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Perspective: Painting reveals surprising story from the past.

Byline: Chris Upton

There's a rather striking painting by the French portrait artist, Reinagle, dating from about 1770. It shows an English country gentleman on a shooting spree, complete with beagles, gun under his arm, and young servant tagging along behind.

We can see the gentleman's house, a state-of-the-art Georgian building, in the far distance, alongside a church tower.

For all the world this looks like a scene in the Wolds or a country estate in the Home Counties. The reality is surprisingly otherwise.

For one thing the scene is taking place a ten-minute walk from the middle of Wolverhampton, and for another the servant is black.

The man in the picture is George Molyneux, ironmonger and merchant, and the land he is striding purposefully across was then called 'Mr Molyneux's Piece', a ten acre plot behind the house. Mr Molyneux has turned the lucrative profits from international trade into real estate, with enough left over to pay an expensive French painter to capture the occasion for posterity.

The young servant is something of a status symbol too. Black retainers were all the rage among the well-to-do of Georgian England, and added a certain exotic sophistication to one's household. Male servants, and especially black ones, were meant to be seen, not tucked away in the kitchen or the scullery. They were, of course, a by-product of the slave trade.

We know the name of this young lad. Not the name he was born with it has to be said, but the one he was given when he was christened at St Peter's on March 31, 1766. They called him George John Scipio Africanus. Two of the names were popular among the Molyneux family, the other two recall an ancient Roman general, the one who defeated the Carthaginians of North Africa. He was given as a gift to the Molyneux family in 1766, when he was about three-years-old.

It's clear that Mr Molyneux did not mean to keep his black servant forever. He was educated, apprenticed to a brassfounder in Wolverhampton and, at the age of 21, released from domestic service.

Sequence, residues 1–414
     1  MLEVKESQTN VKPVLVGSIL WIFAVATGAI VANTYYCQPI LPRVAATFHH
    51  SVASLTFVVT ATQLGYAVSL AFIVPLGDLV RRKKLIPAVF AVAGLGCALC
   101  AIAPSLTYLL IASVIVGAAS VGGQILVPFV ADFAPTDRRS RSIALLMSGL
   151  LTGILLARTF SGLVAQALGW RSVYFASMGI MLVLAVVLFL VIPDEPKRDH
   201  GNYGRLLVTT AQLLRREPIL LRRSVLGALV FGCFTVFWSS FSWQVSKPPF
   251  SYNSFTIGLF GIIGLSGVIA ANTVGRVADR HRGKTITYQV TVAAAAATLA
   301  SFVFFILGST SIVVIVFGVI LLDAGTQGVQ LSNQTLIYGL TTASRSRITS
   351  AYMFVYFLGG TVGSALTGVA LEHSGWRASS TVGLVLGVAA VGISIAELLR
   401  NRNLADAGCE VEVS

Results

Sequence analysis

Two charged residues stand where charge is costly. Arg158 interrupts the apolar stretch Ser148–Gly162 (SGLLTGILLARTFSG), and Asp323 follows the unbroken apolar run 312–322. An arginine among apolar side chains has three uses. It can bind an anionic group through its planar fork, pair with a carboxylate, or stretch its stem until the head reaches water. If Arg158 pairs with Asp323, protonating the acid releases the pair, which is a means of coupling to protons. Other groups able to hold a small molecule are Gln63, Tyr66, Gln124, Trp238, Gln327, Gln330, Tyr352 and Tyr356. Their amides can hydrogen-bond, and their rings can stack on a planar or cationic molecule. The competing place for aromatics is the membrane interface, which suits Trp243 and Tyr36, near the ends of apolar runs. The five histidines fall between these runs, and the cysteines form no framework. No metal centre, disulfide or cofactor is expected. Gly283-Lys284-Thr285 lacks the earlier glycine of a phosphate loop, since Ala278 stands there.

In 1784, George made the short journey to Nottingham to pursue his new profession as a brassfounder and married a local woman called Esther Shaw. Not that brassfounding remained his trade for long.

At other times he is reported to be a labourer and a waiter, and the family also set up a servants' registry from their home in Chandler's Lane. In his will, George Africanus calls himself a yeoman.

Like his erstwhile owners, George Africanus had gone into land.

George and Esther's life was not blessed by good fortune when it came to offspring. They had seven children, but only one, Hannah, survived into adulthood, though she at least lived to the ripe old age of 90. The loss of so many children in infancy is alluded to in the curious epitaph of one of them in St Mary's churchyard in the centre of Nottingham: Our life is nothing but a winter's day; Some break their fast and go away; Others stay dinner and depart full fed. The deepest age but sups and goes to bed. George John Scipio Africanus joined his children in the churchyard on May 25, 1834. A life begun in West Africa had ended, not in the West Indies, as did so many of his contemporaries, but in the East Midlands.

One wonders whether the black footballers who now ply their trade with Wolverhampton Wanderers realise that an ancestor of theirs was treading the same ground - exactly the same ground - 230 years before them.

Dr Chris Upton is senior lecturer in history at the Newman College of Higher Education in Birmingham
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Title Annotation:Features
Publication:The Birmingham Post (England)
Date:Feb 26, 2003
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